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Peoria's Kristkindlmarkt celebrates the holiday season and German heritage surrounding the Tri-County

Kristkindlmarkt Welcome Sign
Kristkindlmarkt of Peoria Facebook Page
The Kristkindlmarkt welcome sign.

Nothing says holiday season like candied nuts, hot chocolate, Santa Claus, and an array of local vendors to shop from. Those are just some elements that will be included in Harmonie’s Kristkindlmarkt in Peoria on Saturday.

Jeff Pulfer is president of Harmonie Concordia, a men’s singing group affiliated with the German American Central Society of Peoria, and the organization that is presenting the market. He also serves as chair of Peoria’s Kristkindlmarkt. While everyone regardless of heritage is sure to find things to enjoy at the holiday market this season, many don’t know about the Peoria area’s longstanding German roots.

Jeff Pulfer, President of Harmonie Concordia and Chair of Peoria's Kristkindlmarkt
Jody Holtz
Jeff Pulfer, president of Harmonie Concordia and Chair of Peoria's Kristkindlmarkt.

“When you go back in time each community is a little different. At one time half the population of Pekin was all based off of German descendants. In fact in Pekin before World War I, if you did not speak German you couldn’t get a job in skilled trades,” explained Pulfer.

Many people with German backgrounds can also be found in places like Morton and Germantown Hills, appropriately named after the German Catholics that lived in the area around 1837. In Peoria, he estimates about 35-40% of the population has German ties in one way or another.

While Germans have been residing in the Peoria area for a very long time, it wasn’t always as acceptable to show pride for their German roots.

“It was kind of downplayed during World War I and World War II. There was quite a bit of German pushback because we were fighting against the Germans … some people modified their last name … to be more Americanized. There was also a big push after World War I by a lot of the German clubs to become more integrated into American society,” said Pulfer.

After many German clubs tried to assimilate into American culture, traditions, especially those around the holidays, began to blend together.

“If you look at some more traditions we have in the United States like Christmas and Easter, they came from Germany, but they've been so embraced by American culture, you don't realize this actually started in Germany,” said Pulfer.

The Kristkindlmarkt seeks to celebrate as many signature German traditions, foods, and cultural elements as possible. These festive markets originated during the Reformation Era by Martin Luther. The name Christkindl, translating to “Christ Child”, descends from the idea of having a little girl, or angel, represent the Christmas markets, which were typically set up around various churches throughout Germany.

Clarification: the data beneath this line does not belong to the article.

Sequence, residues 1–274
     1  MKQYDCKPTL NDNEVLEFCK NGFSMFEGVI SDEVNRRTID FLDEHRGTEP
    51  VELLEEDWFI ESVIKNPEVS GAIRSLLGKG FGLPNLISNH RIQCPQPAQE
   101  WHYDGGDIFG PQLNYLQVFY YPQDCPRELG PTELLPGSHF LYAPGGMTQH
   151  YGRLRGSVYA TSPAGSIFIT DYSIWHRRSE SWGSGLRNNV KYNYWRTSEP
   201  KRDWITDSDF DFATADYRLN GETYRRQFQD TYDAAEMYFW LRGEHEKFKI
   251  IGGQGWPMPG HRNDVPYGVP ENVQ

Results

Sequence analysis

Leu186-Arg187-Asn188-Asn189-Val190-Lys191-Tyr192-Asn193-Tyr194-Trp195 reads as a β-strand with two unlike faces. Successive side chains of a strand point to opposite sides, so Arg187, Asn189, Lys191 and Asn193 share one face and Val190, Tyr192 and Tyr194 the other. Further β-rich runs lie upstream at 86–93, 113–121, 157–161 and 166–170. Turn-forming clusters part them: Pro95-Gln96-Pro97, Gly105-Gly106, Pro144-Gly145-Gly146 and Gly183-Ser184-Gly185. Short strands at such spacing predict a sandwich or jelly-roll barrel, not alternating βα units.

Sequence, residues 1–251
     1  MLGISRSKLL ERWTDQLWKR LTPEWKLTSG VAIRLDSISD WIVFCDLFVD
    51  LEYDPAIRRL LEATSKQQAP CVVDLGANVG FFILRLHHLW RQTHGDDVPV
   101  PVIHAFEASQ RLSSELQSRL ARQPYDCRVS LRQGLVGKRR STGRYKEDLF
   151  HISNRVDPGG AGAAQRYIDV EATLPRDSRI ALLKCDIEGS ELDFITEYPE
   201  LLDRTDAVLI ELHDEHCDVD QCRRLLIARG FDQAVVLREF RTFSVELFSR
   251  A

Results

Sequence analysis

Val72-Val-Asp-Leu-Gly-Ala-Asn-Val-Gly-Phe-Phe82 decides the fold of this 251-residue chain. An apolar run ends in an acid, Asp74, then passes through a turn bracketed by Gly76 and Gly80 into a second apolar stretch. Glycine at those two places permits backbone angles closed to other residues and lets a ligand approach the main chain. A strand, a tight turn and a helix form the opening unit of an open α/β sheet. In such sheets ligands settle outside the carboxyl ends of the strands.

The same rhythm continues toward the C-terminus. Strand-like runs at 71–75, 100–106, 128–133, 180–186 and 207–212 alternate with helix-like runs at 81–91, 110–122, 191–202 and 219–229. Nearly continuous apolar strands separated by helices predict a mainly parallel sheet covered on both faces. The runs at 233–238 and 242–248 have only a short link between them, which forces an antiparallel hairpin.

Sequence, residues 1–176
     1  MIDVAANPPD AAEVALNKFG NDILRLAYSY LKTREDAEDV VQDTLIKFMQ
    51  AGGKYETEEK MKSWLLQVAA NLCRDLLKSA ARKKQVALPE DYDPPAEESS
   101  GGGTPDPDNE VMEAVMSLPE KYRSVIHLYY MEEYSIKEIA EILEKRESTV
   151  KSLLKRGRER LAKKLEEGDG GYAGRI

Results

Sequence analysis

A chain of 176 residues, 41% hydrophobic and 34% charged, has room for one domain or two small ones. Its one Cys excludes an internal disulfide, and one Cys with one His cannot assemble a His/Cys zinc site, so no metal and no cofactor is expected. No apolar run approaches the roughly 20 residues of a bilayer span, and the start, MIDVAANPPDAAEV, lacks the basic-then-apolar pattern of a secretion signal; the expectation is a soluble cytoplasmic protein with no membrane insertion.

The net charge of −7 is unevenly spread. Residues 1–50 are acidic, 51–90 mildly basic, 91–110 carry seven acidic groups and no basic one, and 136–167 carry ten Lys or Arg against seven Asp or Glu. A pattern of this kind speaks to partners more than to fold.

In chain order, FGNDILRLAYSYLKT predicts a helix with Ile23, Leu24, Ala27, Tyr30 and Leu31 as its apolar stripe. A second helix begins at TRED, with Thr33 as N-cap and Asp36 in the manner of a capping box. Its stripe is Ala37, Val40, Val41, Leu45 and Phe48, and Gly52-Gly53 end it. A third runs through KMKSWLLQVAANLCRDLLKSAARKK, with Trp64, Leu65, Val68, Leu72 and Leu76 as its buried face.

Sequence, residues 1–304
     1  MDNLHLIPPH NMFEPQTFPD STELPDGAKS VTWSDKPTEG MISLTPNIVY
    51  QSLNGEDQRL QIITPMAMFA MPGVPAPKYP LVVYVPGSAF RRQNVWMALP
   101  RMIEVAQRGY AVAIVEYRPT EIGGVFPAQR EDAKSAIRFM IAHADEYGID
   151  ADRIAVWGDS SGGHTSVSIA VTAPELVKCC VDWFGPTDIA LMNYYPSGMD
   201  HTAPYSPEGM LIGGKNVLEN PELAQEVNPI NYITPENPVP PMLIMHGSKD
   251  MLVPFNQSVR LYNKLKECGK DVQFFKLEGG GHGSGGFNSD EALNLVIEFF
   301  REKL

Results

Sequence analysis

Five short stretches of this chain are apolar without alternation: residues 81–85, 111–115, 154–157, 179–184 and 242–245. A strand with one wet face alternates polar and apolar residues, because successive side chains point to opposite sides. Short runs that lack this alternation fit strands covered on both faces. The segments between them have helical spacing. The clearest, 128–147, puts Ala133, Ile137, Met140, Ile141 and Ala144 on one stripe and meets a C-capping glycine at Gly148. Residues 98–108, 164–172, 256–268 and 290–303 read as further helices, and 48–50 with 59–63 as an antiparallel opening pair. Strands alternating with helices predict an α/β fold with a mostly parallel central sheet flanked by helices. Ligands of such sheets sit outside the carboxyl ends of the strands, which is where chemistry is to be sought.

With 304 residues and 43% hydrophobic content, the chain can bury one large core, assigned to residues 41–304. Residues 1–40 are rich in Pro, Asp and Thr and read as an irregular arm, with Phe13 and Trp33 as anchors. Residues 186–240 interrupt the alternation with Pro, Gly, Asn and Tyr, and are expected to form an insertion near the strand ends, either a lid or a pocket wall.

The Kristkindlmarkt in Peoria is based heavily on these traditional markets found in Germany and other European cities, and Pulfer says they even plan to have a "Christ Child" walking around the market handing out candy canes. While many people are familiar with the Kristkindlmarkt in Chicago, Pulfer says to expect Peoria’s to be a little different.

“Chicago vendors tend to be the same ones every year, year after year. Well, I get a mix of new vendors … What's different about us and other Christmas marts. We have live entertainment from 11 o'clock to about 5:30, like they do in Germany, plus we got the food. We got German beer available. We also have kids activities for the first time ever,” said Pulfer.

About 40 vendors will be set up at the market, which is set to take place at Exposition Gardens in Peoria. This will be the first time the market is held at the fairgrounds.

“We didn’t do it last year because of COVID, but this year we’re bringing it back. Little bit of change in format though because we used to do two weekends at Lindenhof on Harker…but because of COVID and spacing required for the vendors, and quite frankly we kind of outgrew the Lindehof in my opinion, were doing Expo Gardens one day on Saturday, Dec. 11,” said Pulfer.

Traditionally, the market is usually a mix of indoors and outdoors, but Pulfer says the entire market will be indoors this season.

Popular German fare will be available for purchase, such as bratwurst, schnitzel, sauerkraut balls, stollen, and glühwein, the famous mulled, spiced wine that is a signature at many Kristkindlmarkts around the world.

Other highlights include an appearance from Santa Claus, children's games, and an extensive live music line up. However, Pulfer says the best thing about the market is the Christmas magic it brings.

“If you’re looking for something different to do and a new experience, come out and visit our Christmas market. It’s just a great place to get some Christmas magic.”

The Kristkindlmarkt located at Exposition Gardens on Northmoor road in Peoria is this Saturday from 10 a.m. to 7 p.m. More information about the market can be found on their Facebook page. You can also learn more about the German American Central Society and Harmonie Concordia.

Jody Holtz is WCBU's assistant program and development director, All Things Considered host, as well as the producer of WCBU’s arts and culture podcast Out and About.